Having successfully established the targeting and transposition steps of the labelling, we employed CLoNe in mouse and chick forebrain development to reveal clonal relationships. We defined a clone as a group of cells sharing the same combination of four different fluorophores in their three possible tagged-forms. We reasoned that a broad spectrum of colours would be generated as most transfected progenitors acquire one or more copies of each labelling vector, while PB transposition creates a unique combinatorial hue (more than 1296 combinations in each of the compartments, as discussed below) by random genomic insertion of, on average, nine labelling sequences (Woltjen et al., 2009). This large number of potential combinations allowed us to remove spatial clustering as a requirement of clonal assessment. We analysed a single section of an E10 chick electroporated at E5 with pCAG-CRE driven CLoNe vectors using IMARIS (Bitplane) software (supplementary material Fig. S4). We spotted more than 1000 cells each expressing at least one fluoroprotein, with the IMARIS counted for EGFP being 1072 cells. The mean intensity of these EGFP-expressing cells was distributed equally across the four channels (supplementary material Fig. S4), suggesting an equal expression of the different fluorophores. Next, we determined the power of CLoNe to generate and discriminate unique colours, considering that highly frequent combinations are not useful for clonal analysis. We thresholded the intensity into six levels and classified the mean intensity of each cell in each of the channels. Accordingly, each cell was assigned a colour code comprising four digits (the four colours, BGYR; from 0 to 5; it implies a number of 64-1296 potential combinations). We recommend looking for and analysing clones displaying highly complex hues only, showing expression of more than one but not all the fluorophores in each of the compartments, rather than study single colour-labelled cells in either the nucleus or the membrane. In our experience, complex patterns tend to occur with the lowest frequency. When considering two independent hues in a given cell (nucleus and membrane/cytoplasm) and complex patterns only, the theoretical probability of two progenitors to acquire the same hue independently decreases to 1/64×64=0.00005%. However, taking into account technical limitations (the brightness of two of the fluorophores is not entirely independent, confocal imaging limitations) in the practice and being conservative we can reliably discriminate at least 100 different hues per cellular compartment (analysis of Brainbow 1.0 mouse line L showed that from 89 to 166 colour hues can be identified with three different fluorophores) (Livet et al., 2007), so our estimate increases the likelihood of two progenitors to randomly acquire the same hue independently to 0.01%.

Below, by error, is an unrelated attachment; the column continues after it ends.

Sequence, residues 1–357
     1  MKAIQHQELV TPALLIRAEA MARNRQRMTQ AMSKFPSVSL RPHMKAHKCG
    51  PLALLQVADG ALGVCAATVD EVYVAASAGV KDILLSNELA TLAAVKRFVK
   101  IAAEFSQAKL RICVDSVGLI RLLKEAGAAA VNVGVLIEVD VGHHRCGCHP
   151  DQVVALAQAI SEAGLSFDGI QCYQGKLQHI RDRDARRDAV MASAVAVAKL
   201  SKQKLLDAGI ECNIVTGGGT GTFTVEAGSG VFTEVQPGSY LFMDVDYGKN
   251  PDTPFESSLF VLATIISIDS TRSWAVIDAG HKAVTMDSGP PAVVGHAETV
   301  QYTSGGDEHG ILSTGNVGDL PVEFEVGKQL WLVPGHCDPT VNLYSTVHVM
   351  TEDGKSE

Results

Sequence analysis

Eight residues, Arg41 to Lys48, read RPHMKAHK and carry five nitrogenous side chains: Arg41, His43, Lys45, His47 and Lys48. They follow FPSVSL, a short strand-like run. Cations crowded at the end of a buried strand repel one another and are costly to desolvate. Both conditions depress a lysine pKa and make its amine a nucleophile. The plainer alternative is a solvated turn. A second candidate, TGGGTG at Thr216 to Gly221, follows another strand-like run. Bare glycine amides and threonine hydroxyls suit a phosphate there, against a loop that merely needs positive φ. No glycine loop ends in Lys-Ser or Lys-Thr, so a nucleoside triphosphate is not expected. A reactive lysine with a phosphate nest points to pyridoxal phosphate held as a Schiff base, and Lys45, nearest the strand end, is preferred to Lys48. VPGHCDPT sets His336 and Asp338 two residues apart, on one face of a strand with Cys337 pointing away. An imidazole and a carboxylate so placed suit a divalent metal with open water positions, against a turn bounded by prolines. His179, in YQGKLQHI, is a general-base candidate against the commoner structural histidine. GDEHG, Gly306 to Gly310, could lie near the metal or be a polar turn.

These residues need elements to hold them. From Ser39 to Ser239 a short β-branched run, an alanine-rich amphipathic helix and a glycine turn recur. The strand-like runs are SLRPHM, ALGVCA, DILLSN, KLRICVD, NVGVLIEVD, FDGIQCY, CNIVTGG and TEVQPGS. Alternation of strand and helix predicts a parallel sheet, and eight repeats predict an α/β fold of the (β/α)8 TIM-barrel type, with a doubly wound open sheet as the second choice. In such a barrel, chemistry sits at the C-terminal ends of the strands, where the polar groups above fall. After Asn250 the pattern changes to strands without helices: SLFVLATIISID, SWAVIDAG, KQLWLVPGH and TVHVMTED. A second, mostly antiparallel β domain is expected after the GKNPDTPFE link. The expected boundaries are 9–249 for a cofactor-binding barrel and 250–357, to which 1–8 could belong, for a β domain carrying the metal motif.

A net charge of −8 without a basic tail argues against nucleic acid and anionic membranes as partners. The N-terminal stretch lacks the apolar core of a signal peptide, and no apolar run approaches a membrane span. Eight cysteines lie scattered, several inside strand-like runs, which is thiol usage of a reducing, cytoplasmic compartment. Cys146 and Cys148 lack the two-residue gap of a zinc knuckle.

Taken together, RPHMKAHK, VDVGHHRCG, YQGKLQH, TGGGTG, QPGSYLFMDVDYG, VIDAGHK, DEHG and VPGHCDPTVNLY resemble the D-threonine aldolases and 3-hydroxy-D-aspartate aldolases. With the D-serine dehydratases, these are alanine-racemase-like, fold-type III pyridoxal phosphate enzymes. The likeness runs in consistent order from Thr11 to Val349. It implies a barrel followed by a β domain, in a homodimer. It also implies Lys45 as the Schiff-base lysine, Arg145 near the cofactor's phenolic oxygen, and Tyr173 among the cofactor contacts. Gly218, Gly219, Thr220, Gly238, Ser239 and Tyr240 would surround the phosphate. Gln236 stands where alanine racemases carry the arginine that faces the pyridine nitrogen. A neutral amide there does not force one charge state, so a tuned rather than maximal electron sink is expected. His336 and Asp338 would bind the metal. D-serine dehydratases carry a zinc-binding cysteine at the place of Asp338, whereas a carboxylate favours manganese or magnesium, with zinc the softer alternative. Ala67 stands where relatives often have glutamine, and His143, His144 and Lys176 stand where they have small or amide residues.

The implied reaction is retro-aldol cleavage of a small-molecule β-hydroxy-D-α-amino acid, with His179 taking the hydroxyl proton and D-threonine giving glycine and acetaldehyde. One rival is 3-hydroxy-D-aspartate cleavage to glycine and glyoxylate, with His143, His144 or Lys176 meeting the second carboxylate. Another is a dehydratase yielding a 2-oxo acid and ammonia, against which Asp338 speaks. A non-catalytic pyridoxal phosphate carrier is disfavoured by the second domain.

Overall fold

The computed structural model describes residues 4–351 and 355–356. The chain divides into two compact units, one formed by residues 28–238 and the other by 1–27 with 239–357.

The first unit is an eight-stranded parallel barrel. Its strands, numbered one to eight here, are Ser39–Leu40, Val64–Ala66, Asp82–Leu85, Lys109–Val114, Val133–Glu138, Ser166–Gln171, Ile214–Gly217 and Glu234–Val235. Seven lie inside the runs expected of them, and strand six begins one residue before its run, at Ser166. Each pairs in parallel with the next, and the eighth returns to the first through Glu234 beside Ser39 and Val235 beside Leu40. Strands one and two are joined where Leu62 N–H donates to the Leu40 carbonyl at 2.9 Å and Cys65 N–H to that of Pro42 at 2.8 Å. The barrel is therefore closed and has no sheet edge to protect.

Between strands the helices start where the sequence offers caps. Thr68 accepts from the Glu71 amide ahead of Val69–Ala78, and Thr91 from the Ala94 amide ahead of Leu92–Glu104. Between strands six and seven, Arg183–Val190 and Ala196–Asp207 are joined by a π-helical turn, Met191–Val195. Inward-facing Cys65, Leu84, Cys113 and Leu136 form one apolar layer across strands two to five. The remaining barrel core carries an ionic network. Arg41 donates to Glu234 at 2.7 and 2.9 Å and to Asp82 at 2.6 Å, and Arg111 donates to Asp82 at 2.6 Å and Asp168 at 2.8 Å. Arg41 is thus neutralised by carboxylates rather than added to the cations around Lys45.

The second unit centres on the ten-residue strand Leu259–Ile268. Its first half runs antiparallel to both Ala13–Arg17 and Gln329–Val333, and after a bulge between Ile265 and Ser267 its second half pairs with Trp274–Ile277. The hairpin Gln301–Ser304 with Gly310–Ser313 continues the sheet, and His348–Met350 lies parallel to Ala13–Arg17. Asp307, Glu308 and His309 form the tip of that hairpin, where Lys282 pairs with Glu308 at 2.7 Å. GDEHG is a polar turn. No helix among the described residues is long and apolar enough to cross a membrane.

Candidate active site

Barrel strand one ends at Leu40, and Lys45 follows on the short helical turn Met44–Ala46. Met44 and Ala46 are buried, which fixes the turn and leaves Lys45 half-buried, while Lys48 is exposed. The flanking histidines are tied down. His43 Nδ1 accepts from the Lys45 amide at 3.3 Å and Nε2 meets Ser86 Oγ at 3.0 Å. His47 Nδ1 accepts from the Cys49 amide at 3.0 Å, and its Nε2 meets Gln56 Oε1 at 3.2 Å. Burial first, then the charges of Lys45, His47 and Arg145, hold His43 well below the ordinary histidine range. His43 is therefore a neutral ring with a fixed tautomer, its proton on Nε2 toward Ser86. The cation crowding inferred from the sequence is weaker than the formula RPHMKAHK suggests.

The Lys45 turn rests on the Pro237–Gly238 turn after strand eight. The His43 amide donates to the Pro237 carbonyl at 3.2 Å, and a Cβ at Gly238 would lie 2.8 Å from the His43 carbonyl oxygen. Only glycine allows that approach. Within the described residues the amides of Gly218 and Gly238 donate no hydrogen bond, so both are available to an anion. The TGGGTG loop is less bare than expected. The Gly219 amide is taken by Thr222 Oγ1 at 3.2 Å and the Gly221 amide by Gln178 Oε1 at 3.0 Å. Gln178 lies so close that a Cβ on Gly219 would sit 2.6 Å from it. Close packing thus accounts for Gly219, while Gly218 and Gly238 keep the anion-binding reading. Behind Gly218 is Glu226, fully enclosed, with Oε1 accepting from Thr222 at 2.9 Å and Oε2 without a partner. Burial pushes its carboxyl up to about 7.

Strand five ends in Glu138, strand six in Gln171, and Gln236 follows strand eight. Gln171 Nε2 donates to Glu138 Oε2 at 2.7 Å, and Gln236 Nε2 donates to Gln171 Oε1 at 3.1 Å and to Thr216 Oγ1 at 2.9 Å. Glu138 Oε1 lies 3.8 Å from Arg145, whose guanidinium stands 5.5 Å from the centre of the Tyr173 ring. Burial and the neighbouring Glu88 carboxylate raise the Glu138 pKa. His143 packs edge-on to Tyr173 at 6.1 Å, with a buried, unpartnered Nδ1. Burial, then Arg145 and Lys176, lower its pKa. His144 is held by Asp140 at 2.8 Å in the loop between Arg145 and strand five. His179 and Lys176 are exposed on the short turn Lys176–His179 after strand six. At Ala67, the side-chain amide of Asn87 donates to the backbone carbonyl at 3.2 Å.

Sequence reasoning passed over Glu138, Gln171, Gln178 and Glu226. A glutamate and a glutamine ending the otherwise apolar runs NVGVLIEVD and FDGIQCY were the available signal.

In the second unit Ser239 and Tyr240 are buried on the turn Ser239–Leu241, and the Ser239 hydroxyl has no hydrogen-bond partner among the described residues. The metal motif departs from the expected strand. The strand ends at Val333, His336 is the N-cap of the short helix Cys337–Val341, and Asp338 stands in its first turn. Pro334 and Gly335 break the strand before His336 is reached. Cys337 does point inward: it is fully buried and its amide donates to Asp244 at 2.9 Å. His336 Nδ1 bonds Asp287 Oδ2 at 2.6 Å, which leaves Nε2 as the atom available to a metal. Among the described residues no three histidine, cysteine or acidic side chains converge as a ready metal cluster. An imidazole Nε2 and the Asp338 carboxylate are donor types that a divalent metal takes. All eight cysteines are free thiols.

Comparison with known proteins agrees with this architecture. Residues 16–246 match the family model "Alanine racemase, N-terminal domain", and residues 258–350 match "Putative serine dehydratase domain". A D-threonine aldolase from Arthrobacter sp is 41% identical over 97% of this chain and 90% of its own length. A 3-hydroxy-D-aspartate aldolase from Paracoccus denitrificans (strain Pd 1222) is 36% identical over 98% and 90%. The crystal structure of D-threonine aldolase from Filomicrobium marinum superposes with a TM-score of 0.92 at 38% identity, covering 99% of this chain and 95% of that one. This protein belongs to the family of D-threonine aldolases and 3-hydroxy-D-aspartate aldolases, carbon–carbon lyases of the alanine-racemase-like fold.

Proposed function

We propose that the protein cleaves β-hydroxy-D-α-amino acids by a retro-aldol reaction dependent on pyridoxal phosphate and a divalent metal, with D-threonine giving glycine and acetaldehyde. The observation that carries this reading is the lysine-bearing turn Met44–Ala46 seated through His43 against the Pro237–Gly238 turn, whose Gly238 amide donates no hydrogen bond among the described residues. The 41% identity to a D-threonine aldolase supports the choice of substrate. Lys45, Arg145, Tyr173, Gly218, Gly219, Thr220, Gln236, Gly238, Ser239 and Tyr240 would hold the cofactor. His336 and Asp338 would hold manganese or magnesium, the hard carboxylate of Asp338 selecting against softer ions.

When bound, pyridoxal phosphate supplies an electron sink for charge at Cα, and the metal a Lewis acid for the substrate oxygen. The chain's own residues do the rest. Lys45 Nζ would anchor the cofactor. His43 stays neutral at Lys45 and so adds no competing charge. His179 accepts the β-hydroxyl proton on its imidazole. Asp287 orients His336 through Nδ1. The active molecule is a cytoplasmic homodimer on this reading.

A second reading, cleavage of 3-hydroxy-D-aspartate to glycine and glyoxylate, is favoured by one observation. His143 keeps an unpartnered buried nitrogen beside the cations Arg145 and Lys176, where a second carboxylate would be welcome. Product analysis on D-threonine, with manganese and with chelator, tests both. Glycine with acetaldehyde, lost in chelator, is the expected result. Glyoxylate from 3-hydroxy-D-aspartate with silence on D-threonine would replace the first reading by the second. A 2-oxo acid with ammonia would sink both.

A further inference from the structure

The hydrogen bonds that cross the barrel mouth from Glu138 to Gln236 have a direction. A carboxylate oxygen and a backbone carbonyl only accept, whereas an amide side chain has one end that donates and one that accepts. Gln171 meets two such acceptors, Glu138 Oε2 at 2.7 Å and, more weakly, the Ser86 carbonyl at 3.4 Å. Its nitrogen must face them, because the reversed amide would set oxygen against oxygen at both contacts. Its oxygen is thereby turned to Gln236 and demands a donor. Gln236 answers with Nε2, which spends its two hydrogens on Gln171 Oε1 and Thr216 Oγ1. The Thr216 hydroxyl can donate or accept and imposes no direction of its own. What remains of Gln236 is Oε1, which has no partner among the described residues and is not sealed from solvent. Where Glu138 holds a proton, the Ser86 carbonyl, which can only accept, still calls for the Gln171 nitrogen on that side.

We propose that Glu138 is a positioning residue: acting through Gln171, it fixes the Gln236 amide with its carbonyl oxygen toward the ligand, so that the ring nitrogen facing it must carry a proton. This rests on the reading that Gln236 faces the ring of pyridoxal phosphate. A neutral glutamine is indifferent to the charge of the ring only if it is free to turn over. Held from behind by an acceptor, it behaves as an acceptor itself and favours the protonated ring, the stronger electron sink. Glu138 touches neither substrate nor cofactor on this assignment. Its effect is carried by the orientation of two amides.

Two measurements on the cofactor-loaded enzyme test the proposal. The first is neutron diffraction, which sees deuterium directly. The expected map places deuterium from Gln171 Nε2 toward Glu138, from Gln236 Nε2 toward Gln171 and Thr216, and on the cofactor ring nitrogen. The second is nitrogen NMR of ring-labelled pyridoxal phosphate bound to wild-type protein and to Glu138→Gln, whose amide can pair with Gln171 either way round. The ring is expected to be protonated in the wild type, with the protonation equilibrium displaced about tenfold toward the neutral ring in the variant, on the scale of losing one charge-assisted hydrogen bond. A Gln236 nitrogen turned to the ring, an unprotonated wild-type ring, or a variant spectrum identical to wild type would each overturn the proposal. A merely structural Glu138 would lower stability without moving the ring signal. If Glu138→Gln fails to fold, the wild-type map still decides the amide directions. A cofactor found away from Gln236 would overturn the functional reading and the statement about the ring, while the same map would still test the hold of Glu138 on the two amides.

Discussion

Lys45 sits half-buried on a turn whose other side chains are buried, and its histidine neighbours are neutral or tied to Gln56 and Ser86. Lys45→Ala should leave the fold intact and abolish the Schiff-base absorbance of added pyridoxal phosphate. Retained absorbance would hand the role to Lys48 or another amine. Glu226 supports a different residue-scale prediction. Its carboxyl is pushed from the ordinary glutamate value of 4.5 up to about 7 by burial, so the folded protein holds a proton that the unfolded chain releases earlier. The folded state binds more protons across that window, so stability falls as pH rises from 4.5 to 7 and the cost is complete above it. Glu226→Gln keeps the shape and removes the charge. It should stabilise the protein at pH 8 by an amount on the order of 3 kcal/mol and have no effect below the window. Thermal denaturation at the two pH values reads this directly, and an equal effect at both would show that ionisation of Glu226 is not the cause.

Our analysis detected up to 264 different colour codes (average of 4 cells/combination) in total cellular brightness measurement. Importantly 86 colour codes were represented in a single cell, and 96% of the codes (253 of 264) were represented in 15 or less cells; 795 out of 1072 cells (74%) belonged to low-represented codes (supplementary material Fig. S4). This low occurrence of the hues, and the different hue in either nucleus and membrane of the cell, made analysis of the random expression of these 12 fluorophores sufficient to discriminate clonal relationships. To further facilitate clonal analysis, we reduced the number of labelled progenitors by decreasing the targeting vector concentration (supplementary material Fig. S5) and also increased the variety of fluorophores. However, none of the additional fluorophores tested (mKeima, mCerulean, mKO and mTFP1; supplementary material Table S1) fulfilled the exhaustive requirements of brightness and independence of signal.